Skip to content

The Story of Irish Whiskey

Irish Whiskey On Rocks.JPG

Irish whiskey was once the world's most popular spirit before a series of events put the category into a long decline. Ireland went from 30 distilleries in the 1890's to just 3 in the 1990's. But now, Irish whiskey is resurgent and growing year on year.

Distilling techniques spread to Ireland sometime between 1100 and 1300 by monks. It is widely believed that Ireland is the birthplace of whisky since wine was not easily obtained, barley beer was distilled into liquor which in turn became whiskey. It was then taken by monks to Scotland. Bushmills, with a licence to distil dating back to 1608, is the oldest licenced distillery in the world.

By far the best selling Irish whiskey in the world is Jameson, which was introduced in 1780. It’s a blend of grain and single pot still whiskies, made using a mixture of malted and unmalted or "green" Irish barley, age them in oak casks for a minimum of 4 years.

We know that Irish Whiskey was enjoyed by Elizabeth I and Sir Walter Raleigh, and by the 17th century it had gained a worldwide reputation with Russian Czar Peter the Great quoted as saying "the Irish spirit is the best".

By 1779 Irish whiskey was so popular across the globe there were 1152 registered distilleries and many more unregistered. The number of illicit distilleries restricted the amount of tax revenue and to guarantee a set level of revenue, the English government imposed a still tax, consequently, the number of licences stills dropped by 80%. These licenced stills upped production to cover costs but as a consequence the quality dropped, this whiskey became known as 'Parliament Whiskey'.

“Give an Irishman lager for a month, he’s a dead man. An Irishman is lined with copper & the beer corrodes it. But whisk(e)y polishes copper & is the saving of him.”

By Mark Twain

The major Dublin based distillers did not embrace the Coffey still, preferring the fuller flavoured pot still whiskey, leaving the Scots to steal a march using grain whisky from column stills to create cheaper blended whisky brands.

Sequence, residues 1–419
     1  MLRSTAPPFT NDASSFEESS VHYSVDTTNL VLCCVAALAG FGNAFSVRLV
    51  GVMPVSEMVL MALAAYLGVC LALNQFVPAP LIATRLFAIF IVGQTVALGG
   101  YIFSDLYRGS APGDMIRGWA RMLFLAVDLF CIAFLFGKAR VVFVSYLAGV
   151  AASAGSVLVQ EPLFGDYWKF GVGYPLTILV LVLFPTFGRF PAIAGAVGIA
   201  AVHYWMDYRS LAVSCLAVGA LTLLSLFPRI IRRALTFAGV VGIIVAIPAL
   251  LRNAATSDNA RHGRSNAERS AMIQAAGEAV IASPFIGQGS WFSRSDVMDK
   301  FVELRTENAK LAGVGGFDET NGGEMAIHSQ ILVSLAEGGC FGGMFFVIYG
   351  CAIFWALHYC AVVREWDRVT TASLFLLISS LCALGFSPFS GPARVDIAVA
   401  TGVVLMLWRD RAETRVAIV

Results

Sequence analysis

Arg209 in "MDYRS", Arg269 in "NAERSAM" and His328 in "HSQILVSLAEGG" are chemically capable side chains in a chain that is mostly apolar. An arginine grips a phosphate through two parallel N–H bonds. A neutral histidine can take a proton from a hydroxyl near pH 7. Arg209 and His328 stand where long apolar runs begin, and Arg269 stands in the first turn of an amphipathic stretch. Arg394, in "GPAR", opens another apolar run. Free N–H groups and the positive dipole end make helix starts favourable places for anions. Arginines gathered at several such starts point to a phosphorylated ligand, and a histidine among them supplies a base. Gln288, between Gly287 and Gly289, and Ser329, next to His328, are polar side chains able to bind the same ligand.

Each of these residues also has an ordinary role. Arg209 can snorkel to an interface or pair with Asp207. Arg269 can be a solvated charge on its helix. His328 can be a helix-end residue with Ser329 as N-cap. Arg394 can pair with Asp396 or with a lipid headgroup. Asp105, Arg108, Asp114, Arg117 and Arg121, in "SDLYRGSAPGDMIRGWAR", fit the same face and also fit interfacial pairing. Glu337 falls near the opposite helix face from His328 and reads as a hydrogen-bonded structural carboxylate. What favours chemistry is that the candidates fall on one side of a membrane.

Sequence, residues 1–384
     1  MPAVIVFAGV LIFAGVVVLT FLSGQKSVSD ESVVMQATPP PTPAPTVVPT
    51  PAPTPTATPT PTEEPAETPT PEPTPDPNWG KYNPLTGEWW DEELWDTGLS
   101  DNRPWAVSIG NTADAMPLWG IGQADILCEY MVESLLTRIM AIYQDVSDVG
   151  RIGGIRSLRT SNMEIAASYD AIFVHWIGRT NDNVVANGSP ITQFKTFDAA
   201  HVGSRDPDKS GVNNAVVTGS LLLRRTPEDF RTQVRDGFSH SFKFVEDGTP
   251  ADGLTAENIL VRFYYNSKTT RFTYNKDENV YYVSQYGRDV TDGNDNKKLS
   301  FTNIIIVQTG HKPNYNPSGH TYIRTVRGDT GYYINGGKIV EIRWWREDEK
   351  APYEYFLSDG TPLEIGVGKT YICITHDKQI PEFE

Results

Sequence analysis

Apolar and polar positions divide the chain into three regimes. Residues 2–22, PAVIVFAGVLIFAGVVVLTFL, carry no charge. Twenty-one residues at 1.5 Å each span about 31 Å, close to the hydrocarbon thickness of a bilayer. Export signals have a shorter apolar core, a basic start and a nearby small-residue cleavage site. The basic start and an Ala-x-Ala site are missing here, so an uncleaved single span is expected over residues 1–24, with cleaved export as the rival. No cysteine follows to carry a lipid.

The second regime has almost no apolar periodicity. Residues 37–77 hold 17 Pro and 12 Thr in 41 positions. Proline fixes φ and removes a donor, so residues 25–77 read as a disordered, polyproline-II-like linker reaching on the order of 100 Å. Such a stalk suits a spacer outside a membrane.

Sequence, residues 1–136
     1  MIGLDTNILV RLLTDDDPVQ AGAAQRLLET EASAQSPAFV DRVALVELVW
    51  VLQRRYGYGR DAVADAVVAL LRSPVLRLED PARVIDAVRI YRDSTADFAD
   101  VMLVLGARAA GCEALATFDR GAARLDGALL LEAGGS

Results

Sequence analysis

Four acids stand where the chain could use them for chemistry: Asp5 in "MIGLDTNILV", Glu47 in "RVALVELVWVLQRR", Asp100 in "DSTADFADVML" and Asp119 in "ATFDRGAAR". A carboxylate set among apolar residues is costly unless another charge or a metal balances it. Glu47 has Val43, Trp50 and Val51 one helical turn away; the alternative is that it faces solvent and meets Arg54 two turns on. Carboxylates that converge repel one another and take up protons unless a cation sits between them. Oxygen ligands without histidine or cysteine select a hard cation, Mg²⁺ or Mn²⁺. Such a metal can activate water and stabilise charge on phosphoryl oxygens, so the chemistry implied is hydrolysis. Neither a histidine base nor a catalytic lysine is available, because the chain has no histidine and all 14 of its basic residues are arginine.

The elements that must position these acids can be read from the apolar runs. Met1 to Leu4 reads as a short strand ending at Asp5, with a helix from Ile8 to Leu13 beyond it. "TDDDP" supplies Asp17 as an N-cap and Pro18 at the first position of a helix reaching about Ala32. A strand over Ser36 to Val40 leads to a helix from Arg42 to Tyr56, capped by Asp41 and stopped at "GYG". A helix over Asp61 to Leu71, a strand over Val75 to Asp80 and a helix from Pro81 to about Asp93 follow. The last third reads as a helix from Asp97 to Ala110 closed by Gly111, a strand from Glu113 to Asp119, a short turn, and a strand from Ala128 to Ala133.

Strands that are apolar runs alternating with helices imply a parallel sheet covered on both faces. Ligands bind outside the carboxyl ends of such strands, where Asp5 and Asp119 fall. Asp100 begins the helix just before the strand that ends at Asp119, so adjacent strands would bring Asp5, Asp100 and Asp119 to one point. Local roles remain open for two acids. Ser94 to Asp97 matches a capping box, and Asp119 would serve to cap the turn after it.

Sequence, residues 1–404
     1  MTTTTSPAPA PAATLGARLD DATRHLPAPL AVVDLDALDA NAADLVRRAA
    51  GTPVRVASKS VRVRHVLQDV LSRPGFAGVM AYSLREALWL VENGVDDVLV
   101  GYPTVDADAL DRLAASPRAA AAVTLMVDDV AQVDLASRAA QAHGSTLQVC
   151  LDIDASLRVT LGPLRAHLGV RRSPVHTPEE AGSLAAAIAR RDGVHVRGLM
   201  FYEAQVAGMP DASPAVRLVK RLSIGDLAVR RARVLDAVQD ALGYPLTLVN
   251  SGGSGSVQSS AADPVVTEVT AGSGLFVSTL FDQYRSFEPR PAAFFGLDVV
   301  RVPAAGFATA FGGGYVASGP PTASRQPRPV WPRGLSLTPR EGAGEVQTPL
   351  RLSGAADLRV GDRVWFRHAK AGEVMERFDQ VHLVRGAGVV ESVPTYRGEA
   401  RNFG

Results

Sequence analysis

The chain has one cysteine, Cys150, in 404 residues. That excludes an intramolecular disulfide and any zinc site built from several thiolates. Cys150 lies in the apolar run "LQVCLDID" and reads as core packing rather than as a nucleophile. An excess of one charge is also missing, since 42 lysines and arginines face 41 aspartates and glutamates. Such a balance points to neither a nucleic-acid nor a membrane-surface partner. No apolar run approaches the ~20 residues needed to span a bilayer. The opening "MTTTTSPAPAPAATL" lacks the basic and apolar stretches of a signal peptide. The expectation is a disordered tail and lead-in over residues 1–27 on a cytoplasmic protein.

Irish whiskey must be produced and aged in Ireland and aged for a minimum of three years in oak. There are fewer regulations than its Scottish counterpart and it may contain an amount of unmalted barley. Generally, Irish producers will triple distil their whiskey and don't use peat in the drying process.

Irish whiskey had to contend with the decline of the export market due to the prohibition in the US; mass emigration, export restrictions due to war with Britain and Independence, and the Great Depression. Now Irish whiskey is having a renaissance with a number of new distilleries being opened and significant investments by major brand owners.

With this new investment, we’re seeing innovation return to the category. For example, Jameson has recently released Caskmates, partnering with Irish micro-brewery Franciscan Well to finish the classic Jameson whiskey in stout seasoned whiskey casks. In doing so adding notes of cocoa, coffee and butterscotch to the liquid.

When you think about it, linking beer and Irish whiskey makes sense. While beer is fermented and whiskey is distilled, the basic ingredients are the same: malted grain, yeast and water. Beer and whiskey have been drunk together since the 1400’s. It all started with people drinking low-strength beers with their whiskey as a thirst quencher. Over the years, this combination has developed into a ritual known as a ‘chaser’.

In growing sales of Irish whiskey in your outlet, this inherent link with beer may be the key. Ale and stout drinkers can recognise the flavours and aromas found in whiskey that echo those of the beers they enjoy. Offering a Caskmates chaser as an upsell for people ordering a stout is an ideal way of generating incremental purchases. This can be achieved through simple questioning or as a personal recommendation by the bartender.

View our St. Patricks Day POS templates >

With the 6 nations in full flow and St. Patricks Day on the horizon, now is the perfect time to examine your whisky range. We know that the more whiskies stocked by an outlet, the more whisk(e)y that is sold. So as well as some Scotch and some Bourbon, don’t forget some Irish.

About the author

Luke Siddall (alumni)

I'm Matthew Clark's resident content creator, looking after our social media, website and customer communications. I was a cocktail bartender for while before joining but I now spend most of my time on the other side of the bar.

Leave a comment